Probing Tiny Plant Cells to Unleash Big Bioenergy
By Erin Peabody
April 3, 2007
Scientists are now getting their
closest look yet of plant cell walls, thanks to a new viewing method developed
by the Agricultural Research Service (ARS). It's the tough and rigid cell walls
that are currently the biggest hurdle for scientists who are trying to convert
plant cellulose into ethanol.
Ralph and research associate Fachuang Lu, with ARS'
Dairy Forage Research Center in Madison, Wis., created the new cell-viewing
technique by combining a sophisticated solvent with the power of nuclear
magnetic resonance technology.
Today's ethanol is mostly derived from the starch in corn kernels. However,
vast amounts of energy remain locked up in another plant component, called
cellulose, which is found in everything from cornstalks to wood chips to
manure. That's because plants, over the course of millions of years, have
evolved elaborate cell wall structures that guard their sugar-rich cellulose
like a fortress.
The new ARS method is allowing researchers to getfor the first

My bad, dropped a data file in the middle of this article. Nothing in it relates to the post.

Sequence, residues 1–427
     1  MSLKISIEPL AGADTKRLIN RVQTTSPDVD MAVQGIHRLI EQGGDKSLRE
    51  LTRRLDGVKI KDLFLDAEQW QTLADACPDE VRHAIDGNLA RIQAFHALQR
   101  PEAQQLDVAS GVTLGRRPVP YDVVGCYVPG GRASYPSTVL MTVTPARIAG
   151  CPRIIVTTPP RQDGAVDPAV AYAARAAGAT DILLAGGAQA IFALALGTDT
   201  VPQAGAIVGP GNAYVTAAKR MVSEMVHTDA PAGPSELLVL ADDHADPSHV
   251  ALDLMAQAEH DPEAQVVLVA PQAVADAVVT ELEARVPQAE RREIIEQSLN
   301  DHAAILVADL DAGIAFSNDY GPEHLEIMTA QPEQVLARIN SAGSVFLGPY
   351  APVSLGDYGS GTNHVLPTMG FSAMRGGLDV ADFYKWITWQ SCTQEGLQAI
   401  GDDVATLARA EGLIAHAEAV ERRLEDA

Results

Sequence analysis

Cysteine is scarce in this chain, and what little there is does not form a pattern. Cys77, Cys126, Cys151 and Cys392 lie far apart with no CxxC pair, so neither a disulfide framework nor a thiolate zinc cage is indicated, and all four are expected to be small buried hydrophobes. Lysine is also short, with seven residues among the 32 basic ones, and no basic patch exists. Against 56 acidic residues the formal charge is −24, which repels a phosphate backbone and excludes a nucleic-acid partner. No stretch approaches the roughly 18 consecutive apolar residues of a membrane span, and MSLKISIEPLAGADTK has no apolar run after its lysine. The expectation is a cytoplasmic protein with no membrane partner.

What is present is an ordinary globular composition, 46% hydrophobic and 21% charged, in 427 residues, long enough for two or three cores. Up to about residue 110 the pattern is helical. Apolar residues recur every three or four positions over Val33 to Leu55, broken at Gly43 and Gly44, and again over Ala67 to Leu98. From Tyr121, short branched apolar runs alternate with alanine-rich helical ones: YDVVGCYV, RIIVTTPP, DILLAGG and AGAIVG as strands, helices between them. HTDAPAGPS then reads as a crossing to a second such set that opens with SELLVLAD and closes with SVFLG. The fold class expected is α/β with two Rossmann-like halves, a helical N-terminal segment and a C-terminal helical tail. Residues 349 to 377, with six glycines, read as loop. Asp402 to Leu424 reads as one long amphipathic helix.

timea detailed structural view of those cell walls. This gives them
unparalleled insight when it comes to developing superior biomass crops, such
as switchgrass, with easier-to-degrade cell wall structures and traits.
The solvent gently, yet effectively, disentangles cell wall components from
one another so that they can be viewed in solution. Then, using nuclear
magnetic resonance, the scientists can obtain a detailed chemical
"fingerprint" of the major and minor structures in the walls.
Previously, to get a closer look, researchers had to spend weeks laboriously
isolating cell wall parts. The new method yields results in a matter of days.
In addition to its potential bioenergy applications, the cell wall
fingerprinting technique should also prove helpful in solving problems related
to livestock feed inefficiency. That's because the tough and fibrous plant cell
walls that are such a headache for biofuel processors are also wasted in
undigested animal feed.
more about this research, see the April issue of Agricultural
ARS is the U.S. Department of
Agriculture's chief scientific research agency.